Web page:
What Makes Us Laugh?
The Best of Times|October 2020
What Makes Us Laugh?
The History of Laughter and Science Behind Its Medicinal Effects
Kimberly Blaker

Whether you guffaw, chuckle, chortle, cackle, roar, howl, or giggle, the ability to laugh is shared by all people around the world. Humans even share this ability with apes and other primates! Charles Darwin and many other researchers have recorded observations of laughing in various primate species during play and especially when being tickled. These findings suggest the ability to laugh goes back millions of years to a shared ancestor. Tickling may not be what makes you laugh – but everyone has something that tickles their funny bone. Although the jokes people tell have shifted and developed throughout history, laughter's positive benefits are unaltered.

How do laughter and humor affect our health?

Laughter may really be the best medicine. Scientific research has backed up the positive effects a good laugh can have on your physical, mental, and emotional health. Laughing is so beneficial to health that laughter therapy has even become an alternative approach to treating depression, stress, and other mood disorders. Evidence from numerous studies finds laughter to be an effective method in cognitive-behavioral therapy because of its effects.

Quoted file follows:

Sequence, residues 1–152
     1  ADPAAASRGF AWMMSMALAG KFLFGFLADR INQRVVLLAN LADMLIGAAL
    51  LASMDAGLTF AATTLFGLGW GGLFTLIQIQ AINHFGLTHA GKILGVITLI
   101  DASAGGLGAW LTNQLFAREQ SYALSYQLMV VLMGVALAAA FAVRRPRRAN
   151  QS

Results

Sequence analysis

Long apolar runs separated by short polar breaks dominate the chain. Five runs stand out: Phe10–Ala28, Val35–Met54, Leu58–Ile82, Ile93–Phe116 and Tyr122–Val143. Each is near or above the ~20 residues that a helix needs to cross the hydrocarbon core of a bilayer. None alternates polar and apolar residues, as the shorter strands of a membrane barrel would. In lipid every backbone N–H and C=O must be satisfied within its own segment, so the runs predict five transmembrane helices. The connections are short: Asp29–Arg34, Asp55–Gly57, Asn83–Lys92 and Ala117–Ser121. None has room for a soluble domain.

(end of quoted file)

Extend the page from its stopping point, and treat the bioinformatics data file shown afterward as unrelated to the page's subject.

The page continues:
Gelotology is the term used to describe the study of laughter. This field was developed in the late 1960s and examines the physiological and psychological effects of humor. One of the founders was William F. Fry, who would watch comedic movies while drawing blood samples. The results showed that laughter increased the activity of immune system cells.

Norman Cousins was a big proponent of laughter as medicine. At the age of 50, he was struck with a disease with a low recovery rate. But he noticed that he experienced less pain and fewer symptoms when laughing. He prescribed himself regular laughter by watching Candid Camera and Marx Brothers movies and lived another 25 years. He worked with the California University Hospital to more formally study the health effects of laughter.

Just a few of the recorded benefits of laughter on mental, physical, and emotional health include:

• Increased endorphin levels

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October 2020